It always comes back to the 1980s, especially when the subject is horror movies. In this case, we start our yarn in 1986, but the influence of the Eighties will still be clearly evident when the tale picks up sometime roughly now. It starts by name-checking C.H.U.D., the original there-are-bad-things-below-our-streets-and-it’s-the-government’s-fault B-movie and ultimately shows up Hands Across America as the cultish, attention-seeking behavior it so obviously was. The doppelgangers will stock their entitled analogs in Jordan Peele’s Us, which releases today on DVD.

When she was a child, Adelaide Wilson gave her parents a bit of a scare when she wandered off along the Santa Cruz boardwalk, getting lost in a hall of mirrors. She returned ostensibly safe and sound, but to this day, she remains haunted by an encounter with her doppelganger. In the present day, Adelaide and Gabe Wilson are like the horror movie Huxtables. He proudly wears his Howard University sweatshirt, but his primary concern is keeping up with their well-heeled frienemies, the Tyler family. Then one fateful night, the Wilsons see four shadowy figures who look a lot like them standing ominously in their driveway, as you probably know from the trailer.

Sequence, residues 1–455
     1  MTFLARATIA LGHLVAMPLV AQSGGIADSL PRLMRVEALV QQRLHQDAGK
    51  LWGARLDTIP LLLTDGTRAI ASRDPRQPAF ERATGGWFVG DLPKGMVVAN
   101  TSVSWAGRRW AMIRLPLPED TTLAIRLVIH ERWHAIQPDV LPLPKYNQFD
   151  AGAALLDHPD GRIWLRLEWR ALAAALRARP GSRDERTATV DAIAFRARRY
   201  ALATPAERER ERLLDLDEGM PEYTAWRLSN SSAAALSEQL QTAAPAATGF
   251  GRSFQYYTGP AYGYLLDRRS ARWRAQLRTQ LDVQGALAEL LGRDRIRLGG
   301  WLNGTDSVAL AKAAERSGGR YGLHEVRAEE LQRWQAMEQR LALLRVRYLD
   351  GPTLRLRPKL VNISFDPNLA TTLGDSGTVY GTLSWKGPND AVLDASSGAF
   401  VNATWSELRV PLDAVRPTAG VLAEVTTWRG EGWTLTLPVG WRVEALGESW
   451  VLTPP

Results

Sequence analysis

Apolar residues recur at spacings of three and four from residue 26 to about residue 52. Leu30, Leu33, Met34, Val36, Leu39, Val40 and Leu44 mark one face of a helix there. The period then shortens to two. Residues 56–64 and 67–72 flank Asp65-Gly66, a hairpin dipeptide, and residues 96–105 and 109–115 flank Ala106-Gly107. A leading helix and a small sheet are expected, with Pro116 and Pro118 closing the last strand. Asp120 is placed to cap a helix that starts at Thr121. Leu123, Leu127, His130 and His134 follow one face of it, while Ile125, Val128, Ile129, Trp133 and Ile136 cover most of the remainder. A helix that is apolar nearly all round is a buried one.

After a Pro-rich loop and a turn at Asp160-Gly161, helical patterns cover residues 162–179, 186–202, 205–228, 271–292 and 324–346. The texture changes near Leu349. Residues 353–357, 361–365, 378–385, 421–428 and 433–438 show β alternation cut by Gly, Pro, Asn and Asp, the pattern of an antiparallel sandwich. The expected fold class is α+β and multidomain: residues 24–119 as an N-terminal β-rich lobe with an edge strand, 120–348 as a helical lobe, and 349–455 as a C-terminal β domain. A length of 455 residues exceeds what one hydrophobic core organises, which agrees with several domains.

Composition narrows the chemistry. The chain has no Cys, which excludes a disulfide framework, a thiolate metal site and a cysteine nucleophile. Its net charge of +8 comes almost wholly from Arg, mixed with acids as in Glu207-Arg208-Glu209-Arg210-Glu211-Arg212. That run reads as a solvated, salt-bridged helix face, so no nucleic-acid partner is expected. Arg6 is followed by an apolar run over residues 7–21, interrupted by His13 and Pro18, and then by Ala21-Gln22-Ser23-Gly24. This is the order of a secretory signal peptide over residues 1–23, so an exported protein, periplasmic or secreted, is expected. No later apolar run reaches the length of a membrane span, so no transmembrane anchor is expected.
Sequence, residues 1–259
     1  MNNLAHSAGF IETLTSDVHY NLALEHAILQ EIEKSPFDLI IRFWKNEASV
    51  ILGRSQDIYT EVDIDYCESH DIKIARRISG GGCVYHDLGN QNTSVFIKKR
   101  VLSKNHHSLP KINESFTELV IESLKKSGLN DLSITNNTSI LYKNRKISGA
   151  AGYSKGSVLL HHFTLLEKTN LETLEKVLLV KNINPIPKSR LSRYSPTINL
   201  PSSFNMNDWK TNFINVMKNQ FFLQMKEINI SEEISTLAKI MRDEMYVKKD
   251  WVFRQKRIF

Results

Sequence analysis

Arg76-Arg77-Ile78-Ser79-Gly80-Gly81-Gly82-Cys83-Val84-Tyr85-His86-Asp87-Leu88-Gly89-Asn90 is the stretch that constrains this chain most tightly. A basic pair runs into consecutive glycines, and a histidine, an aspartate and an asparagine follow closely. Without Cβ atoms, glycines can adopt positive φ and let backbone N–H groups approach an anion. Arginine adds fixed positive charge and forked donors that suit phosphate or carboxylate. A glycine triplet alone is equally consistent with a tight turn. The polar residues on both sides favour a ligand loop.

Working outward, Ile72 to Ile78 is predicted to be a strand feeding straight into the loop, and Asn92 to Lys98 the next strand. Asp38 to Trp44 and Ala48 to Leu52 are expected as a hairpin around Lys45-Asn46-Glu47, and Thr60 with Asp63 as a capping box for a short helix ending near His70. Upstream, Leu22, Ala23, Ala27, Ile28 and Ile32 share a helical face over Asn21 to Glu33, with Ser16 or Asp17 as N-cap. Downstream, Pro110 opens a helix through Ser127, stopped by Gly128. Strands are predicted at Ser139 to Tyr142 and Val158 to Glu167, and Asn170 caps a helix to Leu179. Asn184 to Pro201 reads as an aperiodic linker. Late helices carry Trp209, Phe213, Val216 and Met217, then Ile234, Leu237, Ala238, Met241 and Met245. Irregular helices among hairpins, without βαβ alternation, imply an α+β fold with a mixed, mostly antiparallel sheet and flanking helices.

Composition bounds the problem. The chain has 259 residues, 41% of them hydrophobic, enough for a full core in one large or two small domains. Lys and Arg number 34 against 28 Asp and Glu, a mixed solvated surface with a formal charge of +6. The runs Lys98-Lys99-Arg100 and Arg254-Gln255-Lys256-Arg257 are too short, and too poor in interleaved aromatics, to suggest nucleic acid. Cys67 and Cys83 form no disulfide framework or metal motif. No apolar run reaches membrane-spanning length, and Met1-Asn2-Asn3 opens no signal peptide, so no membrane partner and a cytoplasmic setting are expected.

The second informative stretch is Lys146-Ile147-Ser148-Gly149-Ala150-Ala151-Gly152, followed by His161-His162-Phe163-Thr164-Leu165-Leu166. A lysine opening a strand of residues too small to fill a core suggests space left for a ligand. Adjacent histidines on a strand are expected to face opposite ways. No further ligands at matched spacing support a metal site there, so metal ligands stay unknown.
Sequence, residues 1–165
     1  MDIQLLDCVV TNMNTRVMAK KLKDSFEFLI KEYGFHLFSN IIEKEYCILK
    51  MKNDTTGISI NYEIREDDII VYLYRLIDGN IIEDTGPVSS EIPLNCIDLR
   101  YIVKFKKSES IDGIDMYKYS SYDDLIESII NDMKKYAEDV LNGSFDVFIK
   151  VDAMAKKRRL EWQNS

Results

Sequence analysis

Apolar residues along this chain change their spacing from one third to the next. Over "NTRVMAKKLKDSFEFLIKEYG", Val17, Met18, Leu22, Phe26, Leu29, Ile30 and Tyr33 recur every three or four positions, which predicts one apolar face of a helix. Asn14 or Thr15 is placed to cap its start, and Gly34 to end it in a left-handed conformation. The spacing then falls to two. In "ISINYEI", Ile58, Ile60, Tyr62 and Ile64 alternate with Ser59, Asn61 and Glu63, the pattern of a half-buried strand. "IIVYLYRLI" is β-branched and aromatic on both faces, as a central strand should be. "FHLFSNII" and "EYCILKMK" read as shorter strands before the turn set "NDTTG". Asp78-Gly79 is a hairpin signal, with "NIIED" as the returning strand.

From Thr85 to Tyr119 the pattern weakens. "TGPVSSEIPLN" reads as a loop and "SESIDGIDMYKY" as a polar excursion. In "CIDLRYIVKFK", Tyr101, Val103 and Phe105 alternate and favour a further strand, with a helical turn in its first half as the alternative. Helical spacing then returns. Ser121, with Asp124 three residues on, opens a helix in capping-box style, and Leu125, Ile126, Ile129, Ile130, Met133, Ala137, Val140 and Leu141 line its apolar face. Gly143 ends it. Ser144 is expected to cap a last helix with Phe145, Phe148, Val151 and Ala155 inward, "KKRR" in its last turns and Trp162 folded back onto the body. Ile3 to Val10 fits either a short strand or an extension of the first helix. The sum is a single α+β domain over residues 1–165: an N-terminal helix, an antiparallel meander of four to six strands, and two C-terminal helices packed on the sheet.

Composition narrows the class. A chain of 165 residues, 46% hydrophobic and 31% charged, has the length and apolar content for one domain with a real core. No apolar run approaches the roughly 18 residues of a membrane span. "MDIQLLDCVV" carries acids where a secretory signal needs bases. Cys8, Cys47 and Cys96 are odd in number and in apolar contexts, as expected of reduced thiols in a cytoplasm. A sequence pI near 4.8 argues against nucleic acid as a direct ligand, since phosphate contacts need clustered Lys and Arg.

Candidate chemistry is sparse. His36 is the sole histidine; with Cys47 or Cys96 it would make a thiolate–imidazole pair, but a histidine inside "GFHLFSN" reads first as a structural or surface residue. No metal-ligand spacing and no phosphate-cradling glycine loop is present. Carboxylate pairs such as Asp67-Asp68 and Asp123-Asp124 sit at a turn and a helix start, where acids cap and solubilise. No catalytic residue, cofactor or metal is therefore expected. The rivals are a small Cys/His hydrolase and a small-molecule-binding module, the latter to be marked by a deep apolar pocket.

It is not a casual social call. The game is on, but it would be spoilery to reveal the revelations that will come out as the stressful night continues. Us lends itself to a fair number of class-conscious interpretations, but it represents a vast improvement over Peele’s wildly over-hyped Get Out, starting with the happy fact that it truly is a horror movie rather than a gimmicky thriller with an assortment of genre trappings.

In fact, the film is pretty intense. To Peele’s credit, he proves he can throw down the fear old school 80’s style. He also hints at the chaotic global picture in intriguing ways, without detracting from the micro-tension of the Wilsons’ ordeal (not unlike later installments of Romero’s Living Dead franchise). One cool thing about Us is the proliferation of internet debates regarding what really happened and the symbolic meaning of it all, whereas even for admirers of Get Out, it was all cut-and-dried up there on the screen.

When not working on Marvel/Star Wars/Disney properties, Lupita Nyong’o could become a new Jamie Lee Curtis based on her work in Us and the sweet zombie comedy Little Monsters.  As Adelaide Wilson, she has to imply some strange and complicated emotional responses we shouldn’t really get into, but she pulls it off quite assuredly. It is the sort of performance many viewers will want to re-watch with the benefit of hindsight.

Winston Duke nicely counterbalances Nyong’o as the more passive, easy-going Gabe. Shahadi Wright Joseph and Evan Alex are both terrific as pre-teen daughter Zora Wilson and her younger brother Jason, as well as their doppelgangers. However, Elisabeth Moss shamelessly steals her scenes as catty Kitty Tyler.